Via Vanguard, Professor Chukwu talks at length about what's going on: Bitter Kola and Ebola: What Nigerians must know. The bitter kola is a minor matter at the end of the interview. Excerpt:
What is the status of Nigeria regarding Ebola and its possible spread?
You will recall that I informed the nation that altogether we had placed 70 primary contacts of the index case – that is the imported case – under active surveillance.
What we do is that once you begin to show any symptom, no matter how mild, we quarantine you. We now have eight persons under quarantine in Lagos.
So, what happened is that based on our report, last week, two of the health workers who came in contact (with the Liberian) were tested for Ebola virus disease and they came out negative. But in the case of the nurse, it has turned out positive and that’s why we say we’ve been able to confirm a first Nigerian with the disease based on contact.
Also, some other health workers who are suspected of having symptoms, their results have not been made available because they are not ready yet. We are maintaining that surveillance and, in terms of what we are doing, focus is on the secondary contacts and then the third degree contacts.
There was a meeting of health ministers in the West African sub-region in Ghana once the outbreak was noticed in Guinea. What was the outcome of that meeting regarding possible prevention?
Nigeria participated and one of the outcomes of that meeting was the establishment of a coordinating mechanism in West African countries and some Central African countries on how to share common strategies and common best practices and the sharing of information as we move on.
Let me say that what has happened is unfortunate because this man, who was the index case, was warned by his own country not to travel but how he managed to travel and not disclosing full information to those who asked him remains a mystery. Even while on the hospital bed, he was still denying. It is just unfortunate that he brought the disease into Nigeria and this tells you that every country of the world is at risk.
As the problem goes on we would constantly review out strategies and even the World Health Organisation, WHO, is holding a summit in Geneva, Switzerland, to review all the strategies in place and to see if there is need for a review.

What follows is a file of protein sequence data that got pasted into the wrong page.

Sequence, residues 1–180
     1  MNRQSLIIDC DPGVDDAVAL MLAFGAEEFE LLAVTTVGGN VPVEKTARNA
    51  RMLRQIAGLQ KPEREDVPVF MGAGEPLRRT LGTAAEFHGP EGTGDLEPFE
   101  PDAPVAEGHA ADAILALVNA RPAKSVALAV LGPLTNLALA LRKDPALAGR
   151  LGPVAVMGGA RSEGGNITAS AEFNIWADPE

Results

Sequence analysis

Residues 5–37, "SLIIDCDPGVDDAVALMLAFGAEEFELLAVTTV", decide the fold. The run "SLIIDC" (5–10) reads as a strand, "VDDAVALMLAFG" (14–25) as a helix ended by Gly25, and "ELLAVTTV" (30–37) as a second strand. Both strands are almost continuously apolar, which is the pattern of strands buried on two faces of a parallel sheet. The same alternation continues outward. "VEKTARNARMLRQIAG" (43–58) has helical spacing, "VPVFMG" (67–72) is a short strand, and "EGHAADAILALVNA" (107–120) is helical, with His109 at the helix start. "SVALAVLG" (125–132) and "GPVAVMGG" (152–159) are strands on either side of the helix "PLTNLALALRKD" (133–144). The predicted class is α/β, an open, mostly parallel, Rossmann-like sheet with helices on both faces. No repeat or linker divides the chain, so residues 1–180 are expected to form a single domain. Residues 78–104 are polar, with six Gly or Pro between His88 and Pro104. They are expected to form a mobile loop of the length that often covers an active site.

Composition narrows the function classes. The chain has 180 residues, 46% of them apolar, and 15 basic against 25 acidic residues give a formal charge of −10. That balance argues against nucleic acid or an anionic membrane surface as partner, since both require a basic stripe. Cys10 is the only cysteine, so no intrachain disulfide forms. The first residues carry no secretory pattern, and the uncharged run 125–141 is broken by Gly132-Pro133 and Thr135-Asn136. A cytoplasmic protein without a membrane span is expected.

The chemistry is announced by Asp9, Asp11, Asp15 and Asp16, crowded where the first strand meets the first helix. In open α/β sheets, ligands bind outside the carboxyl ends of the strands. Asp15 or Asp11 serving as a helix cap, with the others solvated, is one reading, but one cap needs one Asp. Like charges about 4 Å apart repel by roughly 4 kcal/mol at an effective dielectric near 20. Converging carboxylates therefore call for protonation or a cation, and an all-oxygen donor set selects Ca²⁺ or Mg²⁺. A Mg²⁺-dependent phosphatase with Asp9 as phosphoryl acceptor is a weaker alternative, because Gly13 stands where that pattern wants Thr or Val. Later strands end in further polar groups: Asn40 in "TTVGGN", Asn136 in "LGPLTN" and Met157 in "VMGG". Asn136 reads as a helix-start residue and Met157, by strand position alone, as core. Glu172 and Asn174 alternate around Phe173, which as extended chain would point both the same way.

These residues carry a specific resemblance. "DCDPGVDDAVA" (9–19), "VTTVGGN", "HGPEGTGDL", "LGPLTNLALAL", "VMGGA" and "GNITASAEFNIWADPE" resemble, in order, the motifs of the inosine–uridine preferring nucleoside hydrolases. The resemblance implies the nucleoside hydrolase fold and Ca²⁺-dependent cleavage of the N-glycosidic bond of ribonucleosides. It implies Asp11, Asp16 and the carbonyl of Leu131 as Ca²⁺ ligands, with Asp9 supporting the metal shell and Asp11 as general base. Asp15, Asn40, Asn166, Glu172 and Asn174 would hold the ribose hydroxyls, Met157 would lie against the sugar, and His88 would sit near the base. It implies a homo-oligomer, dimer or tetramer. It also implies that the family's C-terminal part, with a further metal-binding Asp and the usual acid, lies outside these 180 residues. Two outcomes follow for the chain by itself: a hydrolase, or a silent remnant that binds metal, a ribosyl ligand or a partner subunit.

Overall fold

In-country here in Nigeria, we are working as a team, all hands are on deck – the Federal Government, Lagos State government and other state governments, WHO, the American CDC – we’re working as a team and we’ll continue to review the strategy in place.
But what is important is that whatever we do, it should enhance the prevention of the disease and it shouldn’t be counter-productive!
What is the focus of the strategy because there seems to be too much focus on air travel, whereas our land borders are there and they are porous?
The first one is communication beyond just providing information. We need to communicate effectively. The federal and state governments are doing that. The president has inaugurated an inter-ministerial committee for communication strategy. Eight ministers that are relevant are serving on that committee and they have a mandate to co-opt any other minister that they feel is needed.
Based on that, we are working with the Minister of Information and the Minister of Communication Technology, we are working with the Foreign Affairs Minister, Minister of Interior, Minister of Agriculture, Minister of Aviation, Minister of Science and Technology. Since March, we’ve had our jingles and adverts on television and even the private broadcast stations are now on board and are ready to sponsor these free of charge. The website is www.ebolaalert.org and information is there; you can make suggestions and make complaints – it is interactive. There are also telephone numbers you can reach the centres on.
Our toll-free helpline is 0800eboolahelp. We have a Facebook page; we’ve opened accounts on Twitter and we have dedicated emails; but the Information Ministry is helping with grassroots communication since the ministry has the structure on ground. The faith-based establishments too will be useful in this regard. We want to be as open as necessary and possible.